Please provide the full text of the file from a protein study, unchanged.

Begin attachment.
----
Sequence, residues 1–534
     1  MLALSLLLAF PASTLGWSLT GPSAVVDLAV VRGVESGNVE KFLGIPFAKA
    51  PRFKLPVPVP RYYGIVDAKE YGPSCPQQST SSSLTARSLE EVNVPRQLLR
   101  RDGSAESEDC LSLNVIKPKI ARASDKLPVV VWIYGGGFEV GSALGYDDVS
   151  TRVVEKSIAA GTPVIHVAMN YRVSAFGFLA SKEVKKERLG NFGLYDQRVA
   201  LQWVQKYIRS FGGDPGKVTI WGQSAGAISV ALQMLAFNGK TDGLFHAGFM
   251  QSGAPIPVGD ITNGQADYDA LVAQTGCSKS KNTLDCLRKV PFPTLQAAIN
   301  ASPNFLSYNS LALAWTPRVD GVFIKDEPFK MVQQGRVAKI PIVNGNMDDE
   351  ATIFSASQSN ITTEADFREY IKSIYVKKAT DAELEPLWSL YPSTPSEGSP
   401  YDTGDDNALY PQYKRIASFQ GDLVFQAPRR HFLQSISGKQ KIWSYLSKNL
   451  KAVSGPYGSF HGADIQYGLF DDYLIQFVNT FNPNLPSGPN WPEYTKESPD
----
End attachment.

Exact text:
Sequence, residues 1–534
     1  MLALSLLLAF PASTLGWSLT GPSAVVDLAV VRGVESGNVE KFLGIPFAKA
    51  PRFKLPVPVP RYYGIVDAKE YGPSCPQQST SSSLTARSLE EVNVPRQLLR
   101  RDGSAESEDC LSLNVIKPKI ARASDKLPVV VWIYGGGFEV GSALGYDDVS
   151  TRVVEKSIAA GTPVIHVAMN YRVSAFGFLA SKEVKKERLG NFGLYDQRVA
   201  LQWVQKYIRS FGGDPGKVTI WGQSAGAISV ALQMLAFNGK TDGLFHAGFM
   251  QSGAPIPVGD ITNGQADYDA LVAQTGCSKS KNTLDCLRKV PFPTLQAAIN
   301  ASPNFLSYNS LALAWTPRVD GVFIKDEPFK MVQQGRVAKI PIVNGNMDDE
   351  ATIFSASQSN ITTEADFREY IKSIYVKKAT DAELEPLWSL YPSTPSEGSP
   401  YDTGDDNALY PQYKRIASFQ GDLVFQAPRR HFLQSISGKQ KIWSYLSKNL
   451  KAVSGPYGSF HGADIQYGLF DDYLIQFVNT FNPNLPSGPN WPEYTKESPD